4610.0 - Water Account, Australia, 2014-15 Quality Declaration 
Latest ISSUE Released at 11:30 AM (CANBERRA TIME) 25/11/2016   
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MEDIA RELEASE
25 November 2016
Embargoed: 11:30 am (Canberra time)
128/2016

Australian industry paying more for less water

Australian water consumption was 17,375 gigalitres in 2014-15, down by 7 per cent from 2013-14, according to the latest data from the Australian Bureau of Statistics (ABS).

This consumption was the equivalent of almost 35 Sydney Harbours.

Lauren Binns, Director of Environment and Agriculture Statistical Delivery and Communication at the ABS, said the reduction in water consumption for 2014-15 was driven by Australian industry, whose usage decreased by 7 per cent or 1,250 gigalitres over the year.

"The largest decrease in water consumption was in the agriculture industry. Ongoing dry conditions across the eastern states meant farmers used less water for irrigation, so consumption was down 10 per cent to 10,410 gigalitres in 2014-15. This followed an 8 per cent decrease in the previous year," said Ms Binns.

"Despite this decrease, the agriculture industry remained the largest user of water in 2014-15, accounting for nearly 60 per cent of total water consumption.

"The next largest water users were the water supply industry and households, which accounted for 12 and 10 per cent of total water consumption respectively," said Ms Binns.

The decrease in consumption by Australian industry was not reflected in expenditure on water, which increased 9 per cent to $3.1 billion in 2014-15. Other industries - a group that includes construction, retail and other service industries - had the highest expenditure on water by an industry, with $1.8 billion.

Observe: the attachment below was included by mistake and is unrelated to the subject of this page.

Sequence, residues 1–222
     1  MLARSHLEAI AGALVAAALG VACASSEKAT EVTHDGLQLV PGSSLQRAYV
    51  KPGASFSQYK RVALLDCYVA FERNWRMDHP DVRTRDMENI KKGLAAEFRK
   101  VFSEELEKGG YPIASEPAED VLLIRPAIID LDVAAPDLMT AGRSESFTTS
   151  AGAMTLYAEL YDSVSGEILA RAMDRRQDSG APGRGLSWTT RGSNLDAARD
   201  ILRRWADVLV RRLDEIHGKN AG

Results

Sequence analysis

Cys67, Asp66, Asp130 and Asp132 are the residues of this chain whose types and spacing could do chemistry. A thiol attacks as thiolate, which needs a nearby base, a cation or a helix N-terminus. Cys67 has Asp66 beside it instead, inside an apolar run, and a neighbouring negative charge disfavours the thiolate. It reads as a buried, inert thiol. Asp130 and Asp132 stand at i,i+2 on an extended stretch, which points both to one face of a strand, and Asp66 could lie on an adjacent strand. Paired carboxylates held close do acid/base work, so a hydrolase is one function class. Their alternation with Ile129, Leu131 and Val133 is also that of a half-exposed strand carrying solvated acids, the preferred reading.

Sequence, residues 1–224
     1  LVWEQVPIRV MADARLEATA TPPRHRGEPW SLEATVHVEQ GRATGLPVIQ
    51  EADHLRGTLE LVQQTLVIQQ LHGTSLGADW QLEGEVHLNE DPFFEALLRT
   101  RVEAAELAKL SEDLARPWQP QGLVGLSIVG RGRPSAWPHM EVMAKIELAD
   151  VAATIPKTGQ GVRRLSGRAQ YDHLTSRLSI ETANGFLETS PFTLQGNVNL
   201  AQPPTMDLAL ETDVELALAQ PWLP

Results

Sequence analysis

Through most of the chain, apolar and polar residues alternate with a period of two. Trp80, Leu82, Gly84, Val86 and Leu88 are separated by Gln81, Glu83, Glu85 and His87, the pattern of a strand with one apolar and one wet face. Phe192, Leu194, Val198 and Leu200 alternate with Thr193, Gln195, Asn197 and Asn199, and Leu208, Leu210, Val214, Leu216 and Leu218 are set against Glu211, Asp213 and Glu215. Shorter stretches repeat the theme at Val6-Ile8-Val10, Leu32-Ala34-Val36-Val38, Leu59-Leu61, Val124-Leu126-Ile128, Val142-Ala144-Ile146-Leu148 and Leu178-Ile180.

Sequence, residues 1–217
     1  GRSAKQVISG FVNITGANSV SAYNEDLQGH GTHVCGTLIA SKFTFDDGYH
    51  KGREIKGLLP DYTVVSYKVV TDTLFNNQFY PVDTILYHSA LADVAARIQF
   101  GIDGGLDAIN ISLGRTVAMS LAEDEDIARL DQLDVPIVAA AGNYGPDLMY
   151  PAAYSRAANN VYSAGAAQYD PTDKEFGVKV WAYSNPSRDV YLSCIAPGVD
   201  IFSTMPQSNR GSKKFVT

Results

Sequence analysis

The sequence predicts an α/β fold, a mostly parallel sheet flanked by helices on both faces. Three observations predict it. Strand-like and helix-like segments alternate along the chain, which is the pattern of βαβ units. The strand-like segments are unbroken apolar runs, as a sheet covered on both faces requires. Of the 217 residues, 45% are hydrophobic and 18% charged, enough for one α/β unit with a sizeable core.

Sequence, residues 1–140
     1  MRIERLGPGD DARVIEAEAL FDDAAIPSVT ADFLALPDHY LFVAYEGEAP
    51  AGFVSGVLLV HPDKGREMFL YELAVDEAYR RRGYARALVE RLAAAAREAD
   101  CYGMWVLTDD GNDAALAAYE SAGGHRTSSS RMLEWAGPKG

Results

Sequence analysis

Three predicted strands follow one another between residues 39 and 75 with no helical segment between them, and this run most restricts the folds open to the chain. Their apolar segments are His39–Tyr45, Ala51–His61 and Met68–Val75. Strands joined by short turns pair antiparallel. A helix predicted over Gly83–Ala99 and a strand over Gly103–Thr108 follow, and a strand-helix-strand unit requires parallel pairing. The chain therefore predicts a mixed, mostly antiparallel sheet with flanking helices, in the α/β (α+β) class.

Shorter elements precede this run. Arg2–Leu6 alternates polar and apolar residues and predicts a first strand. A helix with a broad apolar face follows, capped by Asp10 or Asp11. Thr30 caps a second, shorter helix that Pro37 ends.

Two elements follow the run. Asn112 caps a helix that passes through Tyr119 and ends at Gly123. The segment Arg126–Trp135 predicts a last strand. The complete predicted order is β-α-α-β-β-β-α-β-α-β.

"While it used the highest volume of water, the agriculture industry paid only nine cents per kilolitre for that water," said Ms Binns.

"That meant that the industry's expenditure was only $650 million or 8 per cent of total industrial expenditure."

Australian industry in general has also become more efficient in its use of water, producing more economic output per gigalitre of water consumption.

"In 2014-15 Australian industry used 15,552 gigalitres of water to produce $1,513 billion worth of gross value added, or $97 million per gigalitre of water which was an increase of 10 per cent," said Ms Binns.

Further details can be found in the Water Account, Australia, 2014-15 (cat. no. 4610.0) available as a free download from the ABS website: http://www.abs.gov.au.

Media notes:
  • A gigalitre is equal to one billion litres of water. Sydney Harbour holds around 500 gigalitres.
  • When reporting ABS data, the Australian Bureau of Statistics (or ABS) must be attributed as the source.
  • For media requests and interviews, contact the ABS Communications Section on 1300 175 070 (8.30am - 5pm Mon-Fri).
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